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It was Christmas dinner 2017, and the talk was of a new (and only) Chick-fil-A opening in our central New York area. My family endorsed the taste of their remarkable chicken and delicious drinks. Discussions of their charity and fundraisers abounded. As I listened to the conversations, I felt myself grow smaller. It was like an out of body experience as I observed myself shrinking in importance. My views on equality and progress froze in the face of a hard fact: the juicy chicken was more important than the civil rights of all Americans. My family just wanted great food. They did not care that Chick-fil-A has donated millions of dollars to organizations and lobbying groups attempting to end the rights and protections of members of the LGBTQ community. They did not appreciate why I would refuse to eat there, or how much their descriptive words about the ultimate chicken was impacting me. It was the loneliest feeling. Although I have always known that many people do not care about the rights of others, it was disheartening to hear my family members, many of them educators, dismiss Chick-fil-A’s corporate politics as noise.hey did not care that Chick-fil-A has donated millions of dollars to organizations and lobbying groups attempting to end the rights and protections of members of the LGBTQ community. Click To Tweet
This solitary Chick-fil-A, located in a neighboring school district, is frequented by many of my students. They have commented on the restaurant’s fantastic chicken. You can almost see the water dripping down their mouths as they close their eyes in the recollection of the taste of Chick-fil-A. One of my students, her mother, a lesbian, regularly frequents the establishment. When I asked my student (privately) if her mother had any issues with the company, she smiled and said: “Yes, but the chicken is sooooo good!”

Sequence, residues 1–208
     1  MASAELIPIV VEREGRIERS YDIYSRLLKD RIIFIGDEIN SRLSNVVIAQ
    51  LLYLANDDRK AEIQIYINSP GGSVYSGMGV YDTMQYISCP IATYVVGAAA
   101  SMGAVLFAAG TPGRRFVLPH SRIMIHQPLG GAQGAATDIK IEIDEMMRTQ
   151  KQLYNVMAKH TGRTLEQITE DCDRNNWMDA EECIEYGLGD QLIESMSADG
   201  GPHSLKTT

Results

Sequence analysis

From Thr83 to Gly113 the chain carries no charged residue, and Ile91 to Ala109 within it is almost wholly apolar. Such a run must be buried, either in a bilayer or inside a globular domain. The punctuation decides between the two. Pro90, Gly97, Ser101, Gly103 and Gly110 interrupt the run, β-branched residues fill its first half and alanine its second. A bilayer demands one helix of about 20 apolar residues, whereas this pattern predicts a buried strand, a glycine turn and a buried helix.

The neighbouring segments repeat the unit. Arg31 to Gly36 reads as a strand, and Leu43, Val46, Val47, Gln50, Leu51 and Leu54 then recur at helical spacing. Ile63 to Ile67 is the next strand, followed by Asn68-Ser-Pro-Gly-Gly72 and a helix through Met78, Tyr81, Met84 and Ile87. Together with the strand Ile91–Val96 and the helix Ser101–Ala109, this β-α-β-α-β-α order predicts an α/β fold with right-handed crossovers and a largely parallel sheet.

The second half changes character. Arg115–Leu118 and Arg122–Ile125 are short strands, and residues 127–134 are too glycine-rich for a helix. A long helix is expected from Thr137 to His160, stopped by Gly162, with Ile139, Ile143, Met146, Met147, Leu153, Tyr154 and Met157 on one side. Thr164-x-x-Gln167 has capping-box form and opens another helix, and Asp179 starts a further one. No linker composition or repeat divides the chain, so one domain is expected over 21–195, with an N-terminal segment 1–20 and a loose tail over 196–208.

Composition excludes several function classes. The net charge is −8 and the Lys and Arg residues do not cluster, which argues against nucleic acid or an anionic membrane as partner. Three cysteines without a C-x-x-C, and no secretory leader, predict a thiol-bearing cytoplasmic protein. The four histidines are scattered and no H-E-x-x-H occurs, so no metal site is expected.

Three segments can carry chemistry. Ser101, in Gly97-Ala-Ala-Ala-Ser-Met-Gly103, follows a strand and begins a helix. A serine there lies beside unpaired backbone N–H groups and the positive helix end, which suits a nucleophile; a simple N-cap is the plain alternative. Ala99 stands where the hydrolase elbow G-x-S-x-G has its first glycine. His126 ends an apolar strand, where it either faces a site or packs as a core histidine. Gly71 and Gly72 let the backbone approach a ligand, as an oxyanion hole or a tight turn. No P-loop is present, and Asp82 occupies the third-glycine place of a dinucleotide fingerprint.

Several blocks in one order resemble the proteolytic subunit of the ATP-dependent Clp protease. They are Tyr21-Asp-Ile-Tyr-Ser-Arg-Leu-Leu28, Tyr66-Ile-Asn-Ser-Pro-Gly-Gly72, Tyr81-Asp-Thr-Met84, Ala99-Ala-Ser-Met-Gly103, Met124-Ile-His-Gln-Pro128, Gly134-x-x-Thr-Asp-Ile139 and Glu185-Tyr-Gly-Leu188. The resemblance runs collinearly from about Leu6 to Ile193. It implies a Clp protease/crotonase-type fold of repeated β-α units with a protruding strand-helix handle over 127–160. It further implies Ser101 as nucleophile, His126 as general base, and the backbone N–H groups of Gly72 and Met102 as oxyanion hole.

To me, eating at Chick-fil-A is akin to sitting at a white-only segregated restaurant counter during the days of Jim Crow. Sure everyone needs to eat, but when a business promotes the denial of the fourteenth amendment–equal protection under the law–the chicken is not so tasty. Some might argue that its Chick-fil-A’s prerogative to donate to any charity of its choosing. I would agree. However, just like the Montgomery Bus Boycott, many civically minded Americans have refused to give their money to a corporation that actively gives to charities who define civil rights narrowly.
Recently, Chick-fil-A announced that their founder S.Truett Cathy’s WinShape Foundation would shift away from the Salvation Army and the Fellowship of Christian Athletes. Gaby Del Valle of Vox reported: “The foundation has set aside $9 million for 2020 that will be split between three initiatives: promoting youth education, combating youth homelessness, and fighting hunger. Those funds will be distributed to Junior Achievement USA, Covenant House International, and local food banks in cities where the chain opens new locations.” Chick-fil-A will no longer donate to the Salvation Army, an organization who’s spokesperson says is not anti-LGBTQ group, and the Fellowship of Christian Athletes, an organization that promotes marriage only between a man and a woman on its website.
Currently, a second Chick-fil-A establishment plans to open in the town that includes the school district where I teach. I am sure excitement will be high, and the chatter concerning the amazing chicken will increase in my classroom. However, I will notice the silence, as well. I will recognize that quiet student who is not openly gay, but worries about his or her future. This student might be contemplating their self worth in relation to how a chicken company views their sexuality. I will appreciate the awkward looks my students give me when my expression at the mention of the company is dour. I will gladly answer their questions if asked why I do not like their cosmic chicken.
Democracy and citizenship, intricately connected in a capitalist economy, lead to significant decisions. If educators want to promote freedom, equality, and civil rights for all of their students, we must be responsible consumers. If we’re going to make a “safe” classroom environment for all of our students, we need to be conscious of our role in the society in which they live. Schools are mirrors of our collective will. Chicken is not that important until it might hinder the rights of our students.